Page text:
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Fragmented Imperial Spaces in E. M. Forster’s Howards End and Chinua Achebe’s Things Fall Apart
Stockholm University, Faculty of Humanities, Department of English.
2012 (English)Independent thesis Basic level (degree of Bachelor), 10 credits / 15 HE creditsStudent thesis
Abstract [en]

Written in different time periods but set in the time of imperial expansion, E. M. Forster’s Howards End (1910) and Chinua Achebe’s Things Fall Apart (1958) offer a critical exploration of British imperialism and its aftermath. What similarities and what differences do these novels have in portraying imperialism? More specifically, do they portray modern imperialism in radically different and mutually exclusive ways since one is set in the center of the British Empire and the other in a peripheral colony? The essay draws on Frederic Jameson’s argument about modernism, and Howards End in particular, that the center representatively excludes the periphery in its literary works. By comparing the two novels, the essay explores these issues and asks whether the British Empire is structurally incomplete in its representation in early twentieth century canonical modernist novels? Moreover, does this theory of exclusivity extend to include modern canonical African novels written a few decades later? By analyzing Howards End and Things Fall Apart, the essay examines the hypothesis that the center and the periphery are indeed mutually exclusive in their literary productions. The conclusions reached require some significant modifications to Jameson’s theory. It was found that Howards End does indeed structurally exclude the periphery. However, the same cannot be said for Things Fall Apart, which structurally incorporates the center. Thus, Jameson’s theory does not extend beyond early twentieth century modernist novels. Moreover, Forster’s novel, although it does suffer from Jameson’s criticism, shows critical awareness of this disabling disconnection from the periphery.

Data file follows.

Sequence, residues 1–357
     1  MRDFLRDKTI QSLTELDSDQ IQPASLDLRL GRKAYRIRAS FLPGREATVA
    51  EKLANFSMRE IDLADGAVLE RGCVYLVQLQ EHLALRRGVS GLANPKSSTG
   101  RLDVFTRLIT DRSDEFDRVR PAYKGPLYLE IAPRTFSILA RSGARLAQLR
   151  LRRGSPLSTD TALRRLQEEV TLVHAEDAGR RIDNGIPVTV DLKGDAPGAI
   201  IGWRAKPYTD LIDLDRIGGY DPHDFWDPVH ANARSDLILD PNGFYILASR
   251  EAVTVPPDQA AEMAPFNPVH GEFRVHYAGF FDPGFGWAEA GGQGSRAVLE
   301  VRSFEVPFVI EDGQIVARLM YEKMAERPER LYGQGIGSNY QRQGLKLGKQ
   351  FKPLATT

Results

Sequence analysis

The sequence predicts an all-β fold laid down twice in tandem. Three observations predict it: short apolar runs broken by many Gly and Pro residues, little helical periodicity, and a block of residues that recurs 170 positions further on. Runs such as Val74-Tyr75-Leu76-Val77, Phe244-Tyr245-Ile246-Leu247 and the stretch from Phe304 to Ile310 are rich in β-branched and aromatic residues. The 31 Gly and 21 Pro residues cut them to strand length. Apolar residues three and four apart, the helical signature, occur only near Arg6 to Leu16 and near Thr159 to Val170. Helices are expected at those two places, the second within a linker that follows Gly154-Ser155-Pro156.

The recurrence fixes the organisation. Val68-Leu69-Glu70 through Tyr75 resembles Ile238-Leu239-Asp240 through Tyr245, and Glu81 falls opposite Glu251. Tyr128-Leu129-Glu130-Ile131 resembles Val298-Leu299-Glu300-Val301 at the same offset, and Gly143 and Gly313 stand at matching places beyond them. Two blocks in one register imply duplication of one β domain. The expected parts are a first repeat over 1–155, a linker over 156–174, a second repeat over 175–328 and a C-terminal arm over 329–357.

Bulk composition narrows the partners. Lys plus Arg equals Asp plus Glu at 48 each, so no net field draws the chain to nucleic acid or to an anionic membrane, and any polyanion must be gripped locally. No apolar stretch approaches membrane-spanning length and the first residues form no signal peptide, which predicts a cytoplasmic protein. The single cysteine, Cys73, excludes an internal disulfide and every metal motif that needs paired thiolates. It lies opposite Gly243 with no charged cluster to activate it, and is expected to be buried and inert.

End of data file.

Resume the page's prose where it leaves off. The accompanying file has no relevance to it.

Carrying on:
Place, publisher, year, edition, pages
2012. , 17 p.
Keyword [en]
Imperialism, modernity, space, symbolism, characterization
National Category
Languages and Literature
URN: urn:nbn:se:su:diva-87575OAI: diva2:604629
Humanities, Theology
Available from: 2014-01-22 Created: 2013-02-11 Last updated: 2014-01-22Bibliographically approved

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Woubshet Ayele, Tesfaye
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